Comments on: Elliott Associates goes to Albany, again A slice of lime in the soda Sun, 26 Oct 2014 19:05:02 +0000 hourly 1 By: HBC Sun, 20 Jun 2010 21:54:51 +0000 Vulture Funds: a system of licensed usury invented by Elliott’s Paul Singer with the collusion of politicians in Washington DC and New York, NY.

Vultures obtain insider knowledge of where US taxpayer “aid” funds are headed, buy up paper debt in those destinations at cents on the dollar, then in remarkably impressionable not to say corrupt US courts of “Law” rabidly enforce preferential ius primae noctis pounds of flesh from, essentially, defenseless peasants. What’s more, everybody else doesn’t get paid and the “indebted” countries wind up in worse shape than ever before.

Of all the ways to make a living in this world, running a Vulture Fund has to be among the least savory and most dishonorable. Vulture targets in recent years have included Honduras in – hothead, please note – Central America, as well as necktie fashion capital Colombia, q.v.

You won’t get much out of Elliott without a writ but a relatively candid list compiled by their fellow predators may be viewed at rkets/country-list/

That this systematically reduces emerging markets (their terminology, not mine) to carrion whilst robbing the unsuspecting US public is morally and Constitutionally improper. US jurisprudence is being blatantly subverted.

Public servants helping to feather Singer and his associates’ nests include New York’s most repulsive: Rudy Giuliani and “salty” homoerotic Eric Massa.

Elliott Associates aren’t the only ones in the game, but since they invented it the least they can expect is the brunt of blame for stealth credit so acquired. If America won’t shut down its own crooks, the rest of the world eventually will, in conclusion of a drama that’s been brewing for several years now.

That Paul Singer is a self-described “conservative libertarian who has given millions of dollars to Republican organizations that emphasize a strong military and support Israel” may afford comfort to the likes of Danny_Black but, to the less gullible, Elliott Associates plus bipartisan bribe-takers equals barely-legal embezzlement on a global scale. May soon they road-kill be.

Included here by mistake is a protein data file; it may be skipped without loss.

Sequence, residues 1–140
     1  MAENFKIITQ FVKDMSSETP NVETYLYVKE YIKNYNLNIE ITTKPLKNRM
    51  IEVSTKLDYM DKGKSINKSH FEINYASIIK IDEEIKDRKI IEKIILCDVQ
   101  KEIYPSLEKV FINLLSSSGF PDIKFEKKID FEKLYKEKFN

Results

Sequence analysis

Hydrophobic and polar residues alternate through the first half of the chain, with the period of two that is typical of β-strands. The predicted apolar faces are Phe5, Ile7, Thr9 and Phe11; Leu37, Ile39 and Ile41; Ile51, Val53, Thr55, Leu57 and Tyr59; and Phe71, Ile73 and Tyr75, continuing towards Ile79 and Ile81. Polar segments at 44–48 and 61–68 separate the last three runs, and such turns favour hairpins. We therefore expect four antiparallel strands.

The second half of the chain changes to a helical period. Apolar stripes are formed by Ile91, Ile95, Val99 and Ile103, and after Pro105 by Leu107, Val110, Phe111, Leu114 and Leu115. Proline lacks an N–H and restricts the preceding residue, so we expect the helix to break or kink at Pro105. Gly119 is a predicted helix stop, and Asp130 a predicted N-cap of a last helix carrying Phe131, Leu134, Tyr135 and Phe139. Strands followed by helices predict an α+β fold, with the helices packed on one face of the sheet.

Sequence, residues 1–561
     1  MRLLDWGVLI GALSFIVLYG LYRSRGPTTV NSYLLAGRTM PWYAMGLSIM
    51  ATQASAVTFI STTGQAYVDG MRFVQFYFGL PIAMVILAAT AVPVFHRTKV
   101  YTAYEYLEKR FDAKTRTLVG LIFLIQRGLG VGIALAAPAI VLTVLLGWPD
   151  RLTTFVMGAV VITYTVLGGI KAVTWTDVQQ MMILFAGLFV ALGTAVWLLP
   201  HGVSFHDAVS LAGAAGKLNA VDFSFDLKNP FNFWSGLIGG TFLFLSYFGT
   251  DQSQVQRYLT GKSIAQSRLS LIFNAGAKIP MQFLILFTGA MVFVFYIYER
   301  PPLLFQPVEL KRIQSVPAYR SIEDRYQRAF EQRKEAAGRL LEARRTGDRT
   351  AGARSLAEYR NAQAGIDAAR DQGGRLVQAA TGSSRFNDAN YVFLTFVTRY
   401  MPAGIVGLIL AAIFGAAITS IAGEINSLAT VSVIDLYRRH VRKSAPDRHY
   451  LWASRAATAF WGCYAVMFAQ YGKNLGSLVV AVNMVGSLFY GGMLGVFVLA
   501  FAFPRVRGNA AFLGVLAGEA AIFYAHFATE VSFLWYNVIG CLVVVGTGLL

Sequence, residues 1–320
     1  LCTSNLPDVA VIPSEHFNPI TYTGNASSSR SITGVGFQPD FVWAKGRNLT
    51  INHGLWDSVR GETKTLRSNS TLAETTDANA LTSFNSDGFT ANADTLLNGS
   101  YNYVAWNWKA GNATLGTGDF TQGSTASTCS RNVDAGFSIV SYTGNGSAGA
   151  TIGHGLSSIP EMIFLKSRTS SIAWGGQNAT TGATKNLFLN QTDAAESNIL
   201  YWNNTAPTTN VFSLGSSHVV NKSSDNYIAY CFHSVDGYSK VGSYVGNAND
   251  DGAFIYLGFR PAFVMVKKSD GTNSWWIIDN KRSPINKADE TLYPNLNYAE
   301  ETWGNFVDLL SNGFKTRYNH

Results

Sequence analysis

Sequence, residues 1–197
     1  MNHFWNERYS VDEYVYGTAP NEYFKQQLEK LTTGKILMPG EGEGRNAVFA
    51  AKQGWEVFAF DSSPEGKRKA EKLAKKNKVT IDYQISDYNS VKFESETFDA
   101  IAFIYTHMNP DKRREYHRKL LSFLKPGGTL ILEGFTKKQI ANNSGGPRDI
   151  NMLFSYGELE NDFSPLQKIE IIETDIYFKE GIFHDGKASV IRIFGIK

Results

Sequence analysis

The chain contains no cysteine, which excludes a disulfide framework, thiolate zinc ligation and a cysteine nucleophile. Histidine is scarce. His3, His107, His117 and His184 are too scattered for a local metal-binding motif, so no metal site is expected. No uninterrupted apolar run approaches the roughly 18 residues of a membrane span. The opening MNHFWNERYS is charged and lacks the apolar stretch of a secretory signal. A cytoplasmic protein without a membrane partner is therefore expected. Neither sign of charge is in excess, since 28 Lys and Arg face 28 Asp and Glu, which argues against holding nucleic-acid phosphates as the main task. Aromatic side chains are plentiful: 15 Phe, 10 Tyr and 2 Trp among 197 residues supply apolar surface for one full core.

By: hsvkitty Sat, 19 Jun 2010 23:54:58 +0000 Danny_Black, it would seem after 10 years there would have to be penalties to squirm your way back into the market. Sadly,the parties will be duking it out while the vultures will move on to pick the bones of others who do not deserve such treatment.

Also, the regimes of the some of these countries rape the people, then vulture funds come and pick the carcass. They do harm. They do business from the Cayman Islands to avoid taxes. No one should support that.

Always look to the future as well as the past. If you can’t understand the Karma in reaping what you sow, then you might want to learn Chinese. After all, buying debt to sue for more then the original debt/interest is a good thing right?

By: Danny_Black Sat, 19 Jun 2010 05:04:12 +0000 This is an outrage… It is a South American countries God-given right to regularly default on its debts to Western bondholders with little or no consequences to itself. How dare these bondholders try to enforce payment on loans, much better to pass the cost of lending to these firms to western taxpayers and account holders.

HBC, you are aware Peru and Argentina are in SOUTH America?

By: HBC Thu, 17 Jun 2010 18:38:52 +0000 Things the vulture funders raping Central America fail to take into account include how marvelous they’d look in neckties from that part of the world.

By: SGKingsley Thu, 17 Jun 2010 15:35:42 +0000 Sorry.

“The law would impose new costs on the exchange and complicate it, leading to a delay or even forcing Argentina and its advisers back to the drawing board. That in turn would keep Argentina frozen out of the bond market.’

What’s wrong with that? Do we really want Argentina to be able o access the bond market?

By: SGKingsley Thu, 17 Jun 2010 15:34:21 +0000 The law would impose new costs on the exchange and complicate it, leading to a delay or even forcing Argentina and its advisers back to the drawing board. That in turn would keep Argentina frozen out of the bond market.

By: KenInIL Thu, 17 Jun 2010 14:39:36 +0000 I’m especially fascinated by the change in the law that altered the amount of interest due on the debt. Wouldn’t that be ex post facto? Or do all contracts have an implicit clause saying “any or all terms can be altered by act of the legislature”?

No, wait, that can’t be the case. Contracts are sacred; at least, that is what was said last year, when the legislature was considering altering the executive compensation packages at TARP firms.

By: hsvkitty Thu, 17 Jun 2010 04:15:24 +0000 Opportunist vultures needs their wings clipped?